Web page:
Gaudio, Del Potro, Coria, Nalbandian: Rank these four Argentinians — who is the best?

Worth noting that during Gaudio's French Open run, he beat Nalbandian. He surely was the least talented of the 4 players, and no mental giant by any means... But he grabbed a slam when he got the chance, unlike Coria and Nalbandian who blew many oppurtunities.

In terms of just ability IMO: Nalbandian, Del Potro, Coria, Gaudio in that order. In terms of achievements: DelPotro, Gaudio/Nalbanian, Coria
I think that is totally right on.

I do agree Nadal's emergence after blowing that 04 French led Coria into a deep personal depression, and that is where the yips mostly came from. He already knew he had probably blown his only shot of a slam title, which he would have never imagined in 04 where it looked like he was the probable guy to beat on clay for the next 3-5 years. Had he won the 04 French, even with Nadal's emergence, he could have kept a more positive attitude and fought better.
 

NatF

Bionic Poster
2003 was the onset of his abdominal injuries. Had an ankle and a rib injury in 2004. In fact, this is what he said in 2005 after winning the Munich Open:

"This was a very important win for me, my first after two strange years with so many injuries."

In 2006 his abdominal problems again reared their ugly head. In 2007 he had a host of injuries for sure (abdominal again, leg and back). Injured his back in early 2008. In 2009 he had more abdominal problems. And so on, and so on.

Really liked the guy.
Good information, thanks. Seems Nalbandian's rep for being lazy is a bit unfounded then?
 

Mustard

Talk Tennis Guru
I think that is totally right on.

I do agree Nadal's emergence after blowing that 04 French led Coria into a deep personal depression, and that is where the yips mostly came from. He already knew he had probably blown his only shot of a slam title, which he would have never imagined in 04 where it looked like he was the probable guy to beat on clay for the next 3-5 years. Had he won the 04 French, even with Nadal's emergence, he could have kept a more positive attitude and fought better.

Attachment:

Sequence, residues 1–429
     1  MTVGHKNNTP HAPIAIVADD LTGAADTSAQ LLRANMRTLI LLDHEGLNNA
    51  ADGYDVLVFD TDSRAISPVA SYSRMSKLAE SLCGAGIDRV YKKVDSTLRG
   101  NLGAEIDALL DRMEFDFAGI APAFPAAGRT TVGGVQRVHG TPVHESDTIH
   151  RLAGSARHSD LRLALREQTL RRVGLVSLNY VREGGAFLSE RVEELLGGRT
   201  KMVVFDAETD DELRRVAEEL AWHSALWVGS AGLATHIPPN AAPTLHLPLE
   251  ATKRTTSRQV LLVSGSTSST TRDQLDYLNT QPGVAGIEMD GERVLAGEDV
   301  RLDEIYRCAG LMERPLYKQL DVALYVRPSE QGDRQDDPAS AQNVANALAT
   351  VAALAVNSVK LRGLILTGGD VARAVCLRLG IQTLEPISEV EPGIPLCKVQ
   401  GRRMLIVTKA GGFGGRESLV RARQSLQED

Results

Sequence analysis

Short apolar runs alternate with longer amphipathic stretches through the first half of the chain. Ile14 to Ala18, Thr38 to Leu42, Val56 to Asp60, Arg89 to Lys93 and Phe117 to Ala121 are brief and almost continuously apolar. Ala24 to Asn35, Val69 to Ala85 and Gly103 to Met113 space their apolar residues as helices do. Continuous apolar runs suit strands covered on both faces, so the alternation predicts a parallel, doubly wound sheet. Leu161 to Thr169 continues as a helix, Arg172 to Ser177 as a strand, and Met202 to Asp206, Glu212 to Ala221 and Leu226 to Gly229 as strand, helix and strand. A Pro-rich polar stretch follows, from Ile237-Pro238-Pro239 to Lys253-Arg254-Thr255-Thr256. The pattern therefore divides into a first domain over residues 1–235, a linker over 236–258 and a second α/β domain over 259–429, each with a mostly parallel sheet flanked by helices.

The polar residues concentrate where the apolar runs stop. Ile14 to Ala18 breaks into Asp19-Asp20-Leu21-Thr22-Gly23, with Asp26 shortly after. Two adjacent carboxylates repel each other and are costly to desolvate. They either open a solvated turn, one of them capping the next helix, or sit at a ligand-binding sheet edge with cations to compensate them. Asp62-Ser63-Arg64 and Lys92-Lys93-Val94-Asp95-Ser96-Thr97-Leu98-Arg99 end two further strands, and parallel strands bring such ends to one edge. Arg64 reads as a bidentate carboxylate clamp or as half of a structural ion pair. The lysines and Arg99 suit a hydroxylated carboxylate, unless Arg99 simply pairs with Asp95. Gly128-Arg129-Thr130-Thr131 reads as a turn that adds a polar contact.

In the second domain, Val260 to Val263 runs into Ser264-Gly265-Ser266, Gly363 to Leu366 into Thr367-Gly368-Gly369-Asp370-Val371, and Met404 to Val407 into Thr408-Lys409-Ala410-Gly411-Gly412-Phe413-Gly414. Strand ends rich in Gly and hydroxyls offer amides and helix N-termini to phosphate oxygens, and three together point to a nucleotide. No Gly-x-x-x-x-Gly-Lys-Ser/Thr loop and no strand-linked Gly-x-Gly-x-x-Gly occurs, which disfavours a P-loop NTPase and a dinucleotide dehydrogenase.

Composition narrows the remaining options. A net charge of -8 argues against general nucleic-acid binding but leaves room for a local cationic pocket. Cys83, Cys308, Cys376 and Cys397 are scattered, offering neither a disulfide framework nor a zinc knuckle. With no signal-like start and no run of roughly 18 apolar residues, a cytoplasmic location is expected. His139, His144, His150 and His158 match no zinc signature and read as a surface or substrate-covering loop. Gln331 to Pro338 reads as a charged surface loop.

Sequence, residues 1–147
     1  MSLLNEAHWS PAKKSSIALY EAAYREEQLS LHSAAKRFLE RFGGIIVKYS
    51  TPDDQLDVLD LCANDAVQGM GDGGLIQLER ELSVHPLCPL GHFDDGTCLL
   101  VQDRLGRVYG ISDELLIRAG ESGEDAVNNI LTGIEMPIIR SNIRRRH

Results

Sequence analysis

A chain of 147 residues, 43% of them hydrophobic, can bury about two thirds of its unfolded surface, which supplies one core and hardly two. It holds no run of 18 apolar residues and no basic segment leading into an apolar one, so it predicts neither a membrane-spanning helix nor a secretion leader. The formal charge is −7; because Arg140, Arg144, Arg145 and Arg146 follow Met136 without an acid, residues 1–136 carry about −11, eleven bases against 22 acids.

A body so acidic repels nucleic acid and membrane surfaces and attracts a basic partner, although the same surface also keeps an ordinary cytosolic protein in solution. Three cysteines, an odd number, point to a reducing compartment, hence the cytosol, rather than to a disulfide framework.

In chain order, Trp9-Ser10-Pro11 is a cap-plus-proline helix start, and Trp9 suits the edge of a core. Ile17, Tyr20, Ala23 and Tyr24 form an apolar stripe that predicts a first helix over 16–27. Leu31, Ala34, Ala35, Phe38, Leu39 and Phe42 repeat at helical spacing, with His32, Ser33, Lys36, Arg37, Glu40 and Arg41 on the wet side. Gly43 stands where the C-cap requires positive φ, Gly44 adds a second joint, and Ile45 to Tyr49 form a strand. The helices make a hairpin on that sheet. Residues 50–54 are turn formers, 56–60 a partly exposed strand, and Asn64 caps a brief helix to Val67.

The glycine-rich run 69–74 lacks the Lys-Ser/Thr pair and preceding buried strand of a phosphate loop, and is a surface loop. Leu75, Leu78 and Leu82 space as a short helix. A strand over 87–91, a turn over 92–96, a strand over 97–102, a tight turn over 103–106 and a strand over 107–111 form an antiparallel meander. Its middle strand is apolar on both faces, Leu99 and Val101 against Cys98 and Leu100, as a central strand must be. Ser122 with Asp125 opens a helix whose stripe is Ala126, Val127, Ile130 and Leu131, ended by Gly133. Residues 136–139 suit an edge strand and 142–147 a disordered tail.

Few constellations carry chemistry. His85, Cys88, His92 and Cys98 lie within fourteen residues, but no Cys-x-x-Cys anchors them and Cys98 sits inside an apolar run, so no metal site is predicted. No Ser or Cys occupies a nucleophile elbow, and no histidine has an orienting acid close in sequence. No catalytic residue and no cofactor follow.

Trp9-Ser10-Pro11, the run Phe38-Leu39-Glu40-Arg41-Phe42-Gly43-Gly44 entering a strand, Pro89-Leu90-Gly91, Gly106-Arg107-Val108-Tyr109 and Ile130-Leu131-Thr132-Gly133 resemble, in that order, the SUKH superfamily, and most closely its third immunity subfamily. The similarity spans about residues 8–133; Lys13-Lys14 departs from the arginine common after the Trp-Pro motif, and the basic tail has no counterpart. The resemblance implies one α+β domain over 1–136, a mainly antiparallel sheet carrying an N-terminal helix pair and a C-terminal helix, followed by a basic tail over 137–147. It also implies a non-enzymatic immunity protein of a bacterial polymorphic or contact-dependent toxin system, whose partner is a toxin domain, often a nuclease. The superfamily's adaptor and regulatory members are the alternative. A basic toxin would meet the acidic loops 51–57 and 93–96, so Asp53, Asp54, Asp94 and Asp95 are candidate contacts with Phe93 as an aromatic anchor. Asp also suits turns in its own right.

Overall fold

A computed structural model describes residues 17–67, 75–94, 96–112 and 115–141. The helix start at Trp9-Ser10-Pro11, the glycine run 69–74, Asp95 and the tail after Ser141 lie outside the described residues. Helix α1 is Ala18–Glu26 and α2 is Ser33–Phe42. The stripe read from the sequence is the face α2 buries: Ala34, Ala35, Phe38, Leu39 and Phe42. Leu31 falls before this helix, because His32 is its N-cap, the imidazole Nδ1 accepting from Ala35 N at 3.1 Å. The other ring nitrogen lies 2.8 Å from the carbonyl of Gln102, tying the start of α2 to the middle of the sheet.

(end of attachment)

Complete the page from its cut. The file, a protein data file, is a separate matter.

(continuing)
How do you know that was the cause of Coria's yips? As I mentioned before, even a dominant champion in a sport (including the mentally toughest) can be struck down by the yips.
 
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Nathaniel_Near

Guest
He doesn't know, he just agrees that it's the more likely circumstance.

I know the yips mostly in terms of it being attributed to golf, where the technique of a player can lead to structural changes in the muscles that can cause the muscles to behave inconsistently, ergo—it's not always psychological.

...Seems there is a physical yips and a psychological yips.

For some reason, the yips is very (very!) common in golf and not so much elsewhere. Why is this?

The yips seem like a mystery to me.
 
How do you know that was the cause of Coria's yips? As I mentioned before, even a dominant champion in a sport (including the mentally toughest) can be struck down by the yips.
I don't know. It was a suggestion. Nobody knows. However it makes total sense to speculate it as a possible reason.

If you don't think Coria had reason to be feeling depressed and demotivated after the 2004 RG crushing defeat and Nadal eclipsing him on clay when he was still playing well in 2005 (and Federer starting to beat him regularly on clay with his 2nd straight win over Coria in 2 meetings on the surface) then you are living in lala land. One cant prove that was the reason for his service yips and overall decline, but it is certainly a feasible suggestion. His wife also cheated on him with a good friend and left him around this time. When your morale is that low how are you ever going to keep your tennis together.
 

Mustard

Talk Tennis Guru
He doesn't know, he just agrees that it's the more likely circumstance.

I know the yips mostly in terms of it being attributed to golf, where the technique of a player can lead to structural changes in the muscles that can cause the muscles to behave inconsistently, ergo—it's not always psychological.

...Seems there is a physical yips and a psychological yips.

For some reason, the yips is very (very!) common in golf and not so much elsewhere. Why is this?

The yips seem like a mystery to me.
It is a mystery. Eric Bristow was despairing when it happened to him. He was a 5-time world champion and the dominant player in the world, looking like he had years of his career ahead of him. Suddenly, he couldn't even release a dart properly, or even at all at times in practice. There was a time when he panicked and released that he didn't have enough money to live on for the rest of his life, and would have to find an ordinary job in the big, wide world, like being a postman. Fortunately for him, he got over the worse of it for a few years, and even got back to world number 1 at one stage, but was never the same dominant player again, nor did he win another world title.